When I ask a patient to undergo a sleep study, I explain to them what is involved so that they can prepare properly. Most of my patients don't mind spending one or two nights away from home. In fact, it's like going to a motel for the night. But I explain that I need to monitor their sleep with multiple wires - on their scalp, face, neck, chest, abdomen, finger, and legs. I imagine some patients immediately think of Pinhead from the movie Hellraiser.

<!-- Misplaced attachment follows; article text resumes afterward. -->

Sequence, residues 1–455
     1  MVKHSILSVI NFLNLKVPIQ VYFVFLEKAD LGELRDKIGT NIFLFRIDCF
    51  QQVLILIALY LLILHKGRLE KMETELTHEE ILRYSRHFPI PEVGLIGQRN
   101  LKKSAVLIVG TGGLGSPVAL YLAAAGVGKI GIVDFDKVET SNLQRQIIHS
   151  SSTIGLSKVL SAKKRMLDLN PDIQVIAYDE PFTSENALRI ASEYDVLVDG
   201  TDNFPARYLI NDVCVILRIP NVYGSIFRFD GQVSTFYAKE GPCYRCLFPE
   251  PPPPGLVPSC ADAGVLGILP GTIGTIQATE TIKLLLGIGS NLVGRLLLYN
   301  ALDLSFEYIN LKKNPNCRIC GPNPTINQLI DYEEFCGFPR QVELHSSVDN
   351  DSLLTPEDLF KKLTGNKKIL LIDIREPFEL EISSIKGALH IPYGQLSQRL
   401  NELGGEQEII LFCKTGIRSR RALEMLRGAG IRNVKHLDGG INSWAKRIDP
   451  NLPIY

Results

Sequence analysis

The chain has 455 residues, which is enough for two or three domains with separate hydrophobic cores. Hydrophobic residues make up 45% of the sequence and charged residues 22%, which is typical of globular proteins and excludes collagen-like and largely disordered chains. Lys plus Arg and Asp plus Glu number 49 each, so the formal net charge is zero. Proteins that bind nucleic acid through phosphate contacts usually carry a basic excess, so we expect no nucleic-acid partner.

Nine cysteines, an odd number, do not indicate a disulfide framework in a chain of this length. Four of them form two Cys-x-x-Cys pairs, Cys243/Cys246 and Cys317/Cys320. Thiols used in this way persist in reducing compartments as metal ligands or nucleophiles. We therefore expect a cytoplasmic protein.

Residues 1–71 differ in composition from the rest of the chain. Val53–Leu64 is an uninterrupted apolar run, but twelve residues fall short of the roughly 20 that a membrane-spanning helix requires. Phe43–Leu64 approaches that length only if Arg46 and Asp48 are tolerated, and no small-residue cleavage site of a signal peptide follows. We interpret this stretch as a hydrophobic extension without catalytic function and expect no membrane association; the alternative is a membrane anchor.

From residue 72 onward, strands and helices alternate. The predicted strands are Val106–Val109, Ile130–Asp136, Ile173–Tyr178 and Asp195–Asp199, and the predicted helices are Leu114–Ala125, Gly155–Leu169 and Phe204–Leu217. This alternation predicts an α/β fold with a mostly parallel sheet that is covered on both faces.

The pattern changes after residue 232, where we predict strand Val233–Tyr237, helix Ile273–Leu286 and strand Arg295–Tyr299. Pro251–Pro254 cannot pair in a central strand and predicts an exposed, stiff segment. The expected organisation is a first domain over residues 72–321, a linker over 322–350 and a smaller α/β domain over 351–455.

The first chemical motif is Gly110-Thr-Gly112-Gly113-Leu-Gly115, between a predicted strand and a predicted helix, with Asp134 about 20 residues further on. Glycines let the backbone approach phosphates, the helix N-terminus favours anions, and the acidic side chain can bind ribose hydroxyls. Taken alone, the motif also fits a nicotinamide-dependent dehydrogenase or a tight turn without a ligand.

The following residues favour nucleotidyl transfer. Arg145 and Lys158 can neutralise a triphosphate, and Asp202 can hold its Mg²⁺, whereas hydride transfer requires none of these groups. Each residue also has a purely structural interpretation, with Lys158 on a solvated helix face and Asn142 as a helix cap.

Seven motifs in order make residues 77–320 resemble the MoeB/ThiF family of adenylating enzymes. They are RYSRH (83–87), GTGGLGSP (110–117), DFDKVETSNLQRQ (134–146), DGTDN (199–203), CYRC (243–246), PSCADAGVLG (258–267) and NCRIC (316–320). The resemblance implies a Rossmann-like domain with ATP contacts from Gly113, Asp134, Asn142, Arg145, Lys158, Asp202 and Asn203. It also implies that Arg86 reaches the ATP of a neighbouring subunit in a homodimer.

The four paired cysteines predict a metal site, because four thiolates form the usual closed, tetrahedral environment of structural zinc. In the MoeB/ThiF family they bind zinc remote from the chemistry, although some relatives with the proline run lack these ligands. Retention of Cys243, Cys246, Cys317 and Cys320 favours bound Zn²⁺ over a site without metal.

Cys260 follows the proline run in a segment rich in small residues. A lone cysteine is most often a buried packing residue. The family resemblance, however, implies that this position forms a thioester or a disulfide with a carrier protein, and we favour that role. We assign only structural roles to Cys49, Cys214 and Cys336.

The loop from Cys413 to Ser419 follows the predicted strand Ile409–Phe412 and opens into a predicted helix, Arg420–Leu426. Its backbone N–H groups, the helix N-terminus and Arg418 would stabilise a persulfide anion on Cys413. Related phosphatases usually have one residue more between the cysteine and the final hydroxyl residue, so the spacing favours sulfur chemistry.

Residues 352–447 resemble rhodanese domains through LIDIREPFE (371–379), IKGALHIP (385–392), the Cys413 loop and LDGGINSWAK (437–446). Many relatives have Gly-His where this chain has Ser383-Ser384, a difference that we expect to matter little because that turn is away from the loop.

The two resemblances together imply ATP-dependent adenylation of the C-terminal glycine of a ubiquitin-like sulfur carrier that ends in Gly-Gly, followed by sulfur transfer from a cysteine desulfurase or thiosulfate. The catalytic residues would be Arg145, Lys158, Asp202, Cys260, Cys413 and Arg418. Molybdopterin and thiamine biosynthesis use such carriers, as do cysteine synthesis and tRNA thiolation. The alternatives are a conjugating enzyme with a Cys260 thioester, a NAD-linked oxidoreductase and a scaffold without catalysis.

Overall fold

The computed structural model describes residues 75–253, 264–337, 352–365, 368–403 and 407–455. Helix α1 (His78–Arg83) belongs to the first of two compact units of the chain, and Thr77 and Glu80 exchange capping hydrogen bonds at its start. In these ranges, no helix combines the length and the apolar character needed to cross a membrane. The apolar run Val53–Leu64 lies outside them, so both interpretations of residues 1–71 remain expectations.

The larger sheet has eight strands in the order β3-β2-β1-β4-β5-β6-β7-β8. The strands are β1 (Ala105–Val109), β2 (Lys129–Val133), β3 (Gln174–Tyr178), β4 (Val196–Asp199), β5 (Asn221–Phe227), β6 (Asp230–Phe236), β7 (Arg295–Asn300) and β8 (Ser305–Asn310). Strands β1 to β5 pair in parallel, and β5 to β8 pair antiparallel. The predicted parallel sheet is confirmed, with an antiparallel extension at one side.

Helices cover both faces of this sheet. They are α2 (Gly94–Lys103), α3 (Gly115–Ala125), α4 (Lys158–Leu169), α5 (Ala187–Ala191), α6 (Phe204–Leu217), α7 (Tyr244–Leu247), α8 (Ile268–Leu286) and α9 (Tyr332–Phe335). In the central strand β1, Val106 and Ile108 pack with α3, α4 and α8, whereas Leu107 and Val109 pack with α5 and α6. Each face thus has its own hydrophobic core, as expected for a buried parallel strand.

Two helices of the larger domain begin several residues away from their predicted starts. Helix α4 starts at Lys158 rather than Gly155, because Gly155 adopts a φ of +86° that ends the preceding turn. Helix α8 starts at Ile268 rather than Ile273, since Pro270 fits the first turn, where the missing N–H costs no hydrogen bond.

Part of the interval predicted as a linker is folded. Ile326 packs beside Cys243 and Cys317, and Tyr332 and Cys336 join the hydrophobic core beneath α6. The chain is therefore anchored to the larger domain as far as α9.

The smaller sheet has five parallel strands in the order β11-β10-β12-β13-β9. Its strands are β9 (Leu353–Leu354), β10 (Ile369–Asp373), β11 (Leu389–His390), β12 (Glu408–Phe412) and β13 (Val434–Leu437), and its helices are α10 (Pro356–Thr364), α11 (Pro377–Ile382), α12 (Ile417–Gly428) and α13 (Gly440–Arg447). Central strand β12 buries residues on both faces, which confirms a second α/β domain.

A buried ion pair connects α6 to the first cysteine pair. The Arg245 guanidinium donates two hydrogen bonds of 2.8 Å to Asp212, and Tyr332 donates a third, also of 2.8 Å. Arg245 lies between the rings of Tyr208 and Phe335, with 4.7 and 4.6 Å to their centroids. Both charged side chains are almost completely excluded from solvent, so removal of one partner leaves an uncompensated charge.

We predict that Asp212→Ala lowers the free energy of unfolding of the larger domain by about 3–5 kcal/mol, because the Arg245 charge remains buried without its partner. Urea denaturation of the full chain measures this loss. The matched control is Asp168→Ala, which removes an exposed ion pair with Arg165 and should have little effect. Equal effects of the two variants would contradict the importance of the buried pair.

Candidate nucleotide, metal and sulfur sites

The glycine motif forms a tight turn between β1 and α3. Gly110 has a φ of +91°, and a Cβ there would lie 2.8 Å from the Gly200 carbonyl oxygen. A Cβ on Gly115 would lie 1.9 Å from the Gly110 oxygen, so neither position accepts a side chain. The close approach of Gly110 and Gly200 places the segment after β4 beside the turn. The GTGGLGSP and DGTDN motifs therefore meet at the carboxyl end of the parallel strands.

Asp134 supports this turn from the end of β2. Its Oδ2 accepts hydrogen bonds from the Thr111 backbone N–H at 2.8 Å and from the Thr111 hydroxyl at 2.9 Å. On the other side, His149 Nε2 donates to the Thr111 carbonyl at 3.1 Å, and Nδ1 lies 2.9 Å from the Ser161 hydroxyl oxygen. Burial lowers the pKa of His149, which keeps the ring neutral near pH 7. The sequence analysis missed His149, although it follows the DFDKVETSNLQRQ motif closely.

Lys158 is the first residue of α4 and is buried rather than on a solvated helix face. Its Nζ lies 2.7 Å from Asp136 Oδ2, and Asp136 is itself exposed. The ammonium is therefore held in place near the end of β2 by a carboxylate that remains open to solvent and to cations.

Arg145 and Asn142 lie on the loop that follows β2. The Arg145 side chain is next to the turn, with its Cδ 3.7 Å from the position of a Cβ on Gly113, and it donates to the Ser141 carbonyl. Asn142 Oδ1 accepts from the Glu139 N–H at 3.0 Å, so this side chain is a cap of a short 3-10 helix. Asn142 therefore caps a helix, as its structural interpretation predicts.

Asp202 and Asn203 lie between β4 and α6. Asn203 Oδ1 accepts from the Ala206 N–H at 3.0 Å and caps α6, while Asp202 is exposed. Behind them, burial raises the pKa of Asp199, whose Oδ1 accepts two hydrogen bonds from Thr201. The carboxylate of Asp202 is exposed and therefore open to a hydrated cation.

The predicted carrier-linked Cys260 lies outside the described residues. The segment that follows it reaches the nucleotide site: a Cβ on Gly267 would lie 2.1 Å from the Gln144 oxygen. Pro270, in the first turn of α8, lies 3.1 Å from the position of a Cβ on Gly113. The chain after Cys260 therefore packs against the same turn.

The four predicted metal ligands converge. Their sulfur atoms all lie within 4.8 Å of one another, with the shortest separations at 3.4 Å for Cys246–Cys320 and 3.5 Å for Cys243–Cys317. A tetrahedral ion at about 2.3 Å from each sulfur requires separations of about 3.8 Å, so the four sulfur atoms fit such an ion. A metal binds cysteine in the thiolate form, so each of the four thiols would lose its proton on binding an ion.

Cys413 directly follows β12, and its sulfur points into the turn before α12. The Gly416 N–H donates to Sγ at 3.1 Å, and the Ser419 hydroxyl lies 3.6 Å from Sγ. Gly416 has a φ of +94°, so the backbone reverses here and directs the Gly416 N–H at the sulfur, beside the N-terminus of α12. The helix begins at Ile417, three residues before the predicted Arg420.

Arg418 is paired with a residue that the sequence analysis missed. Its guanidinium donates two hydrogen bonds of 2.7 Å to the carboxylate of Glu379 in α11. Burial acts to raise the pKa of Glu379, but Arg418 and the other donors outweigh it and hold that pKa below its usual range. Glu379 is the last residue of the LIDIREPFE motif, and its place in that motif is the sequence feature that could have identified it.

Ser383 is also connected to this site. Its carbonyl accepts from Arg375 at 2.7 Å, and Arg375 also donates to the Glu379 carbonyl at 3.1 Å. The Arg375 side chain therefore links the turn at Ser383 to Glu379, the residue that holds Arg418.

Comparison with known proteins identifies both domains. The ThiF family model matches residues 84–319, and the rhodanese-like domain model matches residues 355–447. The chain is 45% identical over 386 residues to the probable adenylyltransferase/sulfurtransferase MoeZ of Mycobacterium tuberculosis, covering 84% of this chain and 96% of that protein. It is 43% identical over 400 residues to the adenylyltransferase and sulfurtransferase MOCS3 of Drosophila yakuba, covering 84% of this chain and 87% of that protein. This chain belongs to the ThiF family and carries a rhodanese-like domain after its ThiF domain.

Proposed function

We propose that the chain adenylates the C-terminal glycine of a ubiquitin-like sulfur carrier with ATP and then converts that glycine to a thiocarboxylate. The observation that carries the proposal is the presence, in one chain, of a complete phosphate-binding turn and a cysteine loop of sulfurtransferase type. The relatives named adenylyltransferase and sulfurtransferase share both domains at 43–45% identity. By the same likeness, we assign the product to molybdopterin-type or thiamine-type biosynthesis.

I explain that the sleep study uses no needles, and there will be no pain or blood involved in the process. I let them know that all of the wires are put on with glue, tape, or velcro. I find it helpful to show them a picture of a patient that has the wires placed, so that they can visualize the process.
When patients see the picture, most of them ask, "How do you expect me to sleep with all of those wires on me?" I tell them that almost everyone sleeps on the sleep study. And it's not crucial that I get 8 hours of solid sleep to be able to make a diagnosis. I ask the patient to just do their best - and they usually do.